Nearly nothing; except for their exceptionally long shelf-lives. However, if I had to wager which had the longer shelf-life, my money would be on judgment every single time. Without a doubt, the moments in my past that were filled with judgment I can recall vividly; indelible comments, permanent words. Ask me about all those good things people have said to me, those encouraging and affirming words. Err…well…there was that one time…I think… I know historically I’ve been encouraged and affirmed and loved, but those seem sketched in pencil, easily erased, fading swiftly; but those times when I suffered under the hand of judgment (intended or not), they’ve been drawn in to my mind with a Sharpie marker. No wonder we need to hear so many words of encouragement and love.

To drive home this point let me tell you a story from my past. But it’s not about me; well it is, but I’m not the hearer of judgment in this story but the one who speaks it.

A dear friend was dating her boyfriend all throughout college and for a few years beyond. I knew they would soon get married. But, the problem was, I didn’t like him. At all. Never had. She was too good for him. I kept this quiet through college and beyond, but then, as the years marched on and I knew they were going to get married, I felt it my duty to tell her. So I did. I picked up the phone and said these words: I know you are probably going to get married but he’s not good enough for you…yaddah yaddah yaddah... That was the year 2000.

Surprisingly, our friendship never really missed a beat (as best one can being separated by many miles). I was invited to her wedding; she was in mine. We spoke at least 3 times a year and I always called on her birthday.

Then, around 2009, all communication just stopped. Cold. Dead. Nothing. I called on her birthday and left messages (both on her cell and her home phone). No response. She never called back. Never ever. I’m pretty hard to shake as friend, so I kept calling a couple of times every year. Still, I never heard from her.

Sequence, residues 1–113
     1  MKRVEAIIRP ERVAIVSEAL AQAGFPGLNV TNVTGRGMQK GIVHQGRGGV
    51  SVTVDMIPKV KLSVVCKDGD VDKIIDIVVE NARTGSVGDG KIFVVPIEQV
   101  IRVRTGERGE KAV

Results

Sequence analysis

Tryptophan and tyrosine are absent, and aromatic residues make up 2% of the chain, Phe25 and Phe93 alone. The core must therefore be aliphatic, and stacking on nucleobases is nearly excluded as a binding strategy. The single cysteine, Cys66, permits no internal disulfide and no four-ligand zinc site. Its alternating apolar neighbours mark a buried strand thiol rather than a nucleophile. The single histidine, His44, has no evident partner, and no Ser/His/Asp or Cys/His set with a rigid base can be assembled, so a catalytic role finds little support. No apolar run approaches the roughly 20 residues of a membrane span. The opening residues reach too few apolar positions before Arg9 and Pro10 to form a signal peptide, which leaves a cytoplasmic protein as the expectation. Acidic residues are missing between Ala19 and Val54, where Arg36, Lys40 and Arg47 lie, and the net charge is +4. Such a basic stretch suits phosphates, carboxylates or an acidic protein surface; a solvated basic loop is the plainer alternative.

Then one day (around her birthday) in 2013 I caught her in the car. She answered. I was shocked, she was caught off guard. She couldn’t talk then, but we made a date to talk in a week. The next week we connected. The typical what-have-you-been-up-to-these-past-4-years small-talk was initiated and quickly came to an end. And there was a silence and then she told me she about a massive personal issue she’d been dealing with for the past 4 years involving her husband. My heart broke for her as she shared with me. My mind was aggressively trying to work out why: Why? Why didn’t she come to me? Why am I just hearing about this now…4 years later, 4 years after the fact? We’d been through so much prior to that moment, why stop talking at that point?

There was a pause in her story—a final pause, a pause that asks you to respond. All I could utter was, “I’m sorry…I’m sorry you had to suffer this…I wish I could’ve done something, been there for you.” There was silence on the other end. And then she spoke words that brought tears to my eyes and me to my knees in repentance, “I couldn’t talk to you, Lauren. I couldn’t tell you. Because you told me you didn’t like him and you thought we shouldn’t get married, I couldn’t talk to you. I didn’t want you to think you were right.”

Those careless, thoughtless words in 2000 echoed into the future and slammed the door between me and my friend in her time of need. Everything else that had occurred since then—all the other times I spoke positively and affirmatively—was rubbish compared to those self-righteously spoken words—those words were the louder words, the indelible words, the words written in Sharpie marker, the only words she could recall in the crucible of suffering.

While my knee-jerk reaction (and yours too) is to vow never to utter another judgmental word for the rest of our lives, we know that’s not reality. We’re human, and we’ve many words. Words will be spoken; judgments will be rendered. The good news is: judgment is not the final word. While the effects of judgment are strong and enduring, there is still something bigger and more persistent than judgment: I love you. The miraculous reconciliation that occurred between my friend and me was based in the other, bigger, stronger word of love. Reconciliation is born out of love and love will trump judgment every time. It was love that persisted, it was love that answered, it was love that created a safe environment for brute, honest, vulnerability, and it was love that uttered: please, forgive me.

Judgment has an exceptionally long shelf life; but it’s not forever.

 

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